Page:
jpeg-1Someday in the future I hope to be involved full-time, at least partially overseas, in bringing God’s shalom to women and girls — through education, through healthcare, through spiritual formation, through church leadership. Who knows what the future holds? But for now, I am a stay-at-home mom involved locally in the anti-trafficking effort here in the Bay Area. I don’t want to miss my daughters’ growing-up years, so my contribution is limited at this stage. Truthfully, this makes me feel a bit restless, and I know this registers to people around me as being “too much” – I am too opinionated, too verbal, too curious, too intense, too driven.

In Psalm 13, David seems restless too. I don’t know if there are historical markers for this psalm, or why he is restless, why his thoughts are in turmoil.

Restless (Psalm 13)

Half a world away
my sister watches
her daughter die of a curable disease
knowing her father won’t
waste money on medicine for her
for the sin of being born a girl.

Half a world away
my daughter sits in a
doorless shack outside of town,
terrified of the jackals her father hopes
devour her tonight
for the sin of a obstetric fistula.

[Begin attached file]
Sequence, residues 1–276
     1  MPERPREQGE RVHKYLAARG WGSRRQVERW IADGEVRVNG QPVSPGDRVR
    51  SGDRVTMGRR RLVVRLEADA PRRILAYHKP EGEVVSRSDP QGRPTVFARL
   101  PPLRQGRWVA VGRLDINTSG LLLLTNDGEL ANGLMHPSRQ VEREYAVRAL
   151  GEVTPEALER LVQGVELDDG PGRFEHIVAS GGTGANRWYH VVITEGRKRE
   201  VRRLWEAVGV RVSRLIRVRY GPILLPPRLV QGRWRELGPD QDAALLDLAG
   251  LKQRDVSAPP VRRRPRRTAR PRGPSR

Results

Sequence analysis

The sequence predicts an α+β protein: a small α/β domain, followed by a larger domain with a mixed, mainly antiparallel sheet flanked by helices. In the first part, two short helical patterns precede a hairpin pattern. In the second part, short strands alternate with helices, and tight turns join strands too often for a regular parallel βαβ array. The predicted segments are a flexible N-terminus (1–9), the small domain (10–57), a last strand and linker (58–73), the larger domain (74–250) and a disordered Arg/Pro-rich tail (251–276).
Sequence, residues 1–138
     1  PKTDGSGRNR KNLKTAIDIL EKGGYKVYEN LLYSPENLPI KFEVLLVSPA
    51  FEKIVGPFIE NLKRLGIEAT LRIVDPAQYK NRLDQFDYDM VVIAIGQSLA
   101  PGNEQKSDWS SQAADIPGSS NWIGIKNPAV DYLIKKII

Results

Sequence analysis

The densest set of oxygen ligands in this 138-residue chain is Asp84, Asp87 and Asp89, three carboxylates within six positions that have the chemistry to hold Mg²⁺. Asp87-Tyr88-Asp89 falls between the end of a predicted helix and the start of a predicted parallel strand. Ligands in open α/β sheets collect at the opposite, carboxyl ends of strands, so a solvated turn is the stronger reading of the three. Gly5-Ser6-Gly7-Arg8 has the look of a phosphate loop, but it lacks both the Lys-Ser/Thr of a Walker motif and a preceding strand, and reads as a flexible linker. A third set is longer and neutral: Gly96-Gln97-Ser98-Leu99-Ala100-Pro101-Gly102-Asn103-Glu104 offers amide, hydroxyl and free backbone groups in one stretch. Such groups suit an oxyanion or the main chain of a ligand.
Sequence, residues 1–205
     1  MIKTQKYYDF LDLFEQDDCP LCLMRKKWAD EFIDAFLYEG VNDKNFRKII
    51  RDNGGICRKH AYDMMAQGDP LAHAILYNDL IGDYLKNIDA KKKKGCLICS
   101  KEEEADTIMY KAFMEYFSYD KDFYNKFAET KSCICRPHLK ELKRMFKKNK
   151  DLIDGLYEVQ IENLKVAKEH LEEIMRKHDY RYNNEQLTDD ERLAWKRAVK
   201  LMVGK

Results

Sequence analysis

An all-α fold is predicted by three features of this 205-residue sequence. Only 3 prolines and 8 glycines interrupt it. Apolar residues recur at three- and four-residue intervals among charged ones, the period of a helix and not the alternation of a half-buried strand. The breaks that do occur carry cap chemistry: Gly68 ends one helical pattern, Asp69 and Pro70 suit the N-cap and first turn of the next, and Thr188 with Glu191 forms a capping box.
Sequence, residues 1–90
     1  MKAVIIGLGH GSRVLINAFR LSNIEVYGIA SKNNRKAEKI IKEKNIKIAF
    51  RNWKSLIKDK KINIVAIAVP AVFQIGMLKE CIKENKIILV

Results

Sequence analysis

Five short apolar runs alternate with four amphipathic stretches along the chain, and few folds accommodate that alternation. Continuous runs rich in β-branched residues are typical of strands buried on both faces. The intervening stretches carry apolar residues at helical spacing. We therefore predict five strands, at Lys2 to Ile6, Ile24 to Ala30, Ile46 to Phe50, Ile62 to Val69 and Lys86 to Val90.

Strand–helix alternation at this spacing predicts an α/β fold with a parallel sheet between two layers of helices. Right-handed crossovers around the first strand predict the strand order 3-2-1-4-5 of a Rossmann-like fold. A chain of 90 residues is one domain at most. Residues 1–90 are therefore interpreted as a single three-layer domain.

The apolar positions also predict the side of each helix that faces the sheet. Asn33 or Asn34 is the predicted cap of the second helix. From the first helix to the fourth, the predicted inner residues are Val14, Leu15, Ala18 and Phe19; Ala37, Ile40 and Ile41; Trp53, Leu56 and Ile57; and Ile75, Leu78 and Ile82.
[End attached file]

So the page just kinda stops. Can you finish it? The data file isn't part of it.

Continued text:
half a world away
my other daughter smiles
at the man who paid another man
to rape her, for if she does not
smile she’ll be beaten until she
smiles so she smiles at him, and

the next
the next
the next
the next
the next
all those smiles in just one hour.

Sister, daughter, I reach for you through
tears and words and screams
but it is not enough
you don’t know my name and
I don’t know your touch.
How long, O Lord, will you forget?

How long would You leave me
buried beneath laundry
crushed beneath boredom
mocked by passion
that has nowhere to go
and vision nobody shares?

How long can I
cry without weeping
talk without speaking
scream without raising my voice?[1]
Why give me tears and no one
whose feet I can wash?

Lord, I cling to Your hesed
my nails torn and bloody but
still I cling despite all I see trusting
You can hear me and my
daughters and sisters and our
blood that cries out to You
from the ground half a world away.[2]


[1] U2, Running to Stand Still, (Joshua Tree, 1987).
[2] The images in this poem are drawn from the book by Nicholas D. Kristof and Sheryl WuDunn, Half the Sky: Turning Oppression Into Opportunity for Women Worldwide (New York: Alfred A. Knopf, 2010).

Poetry Friday Guest Post … from my DAD!

Friends, let me introduce you to my dad.


He’s 78, an avid cyclist, mechanical engineer by training, awesome dad and grandfather and (my mom tells me) husband too. He was born in 1935 and grew up fairly stoically during the Depression. For most of my life, emotions — feeling and expressing them — has lets just say not been his strong suit. He has been a Jesus-follower his whole life, but only in the past 10-15 years has his relationship with God taken him toward a more available emotional life. All of us who love him really really love this change — my children most of all, who have only known their Bop Bop as a man who laughs and sings and cries too, and now who writes his own poems and reads them in community! My dad is living proof that the journey of faith is always, always further up and further in.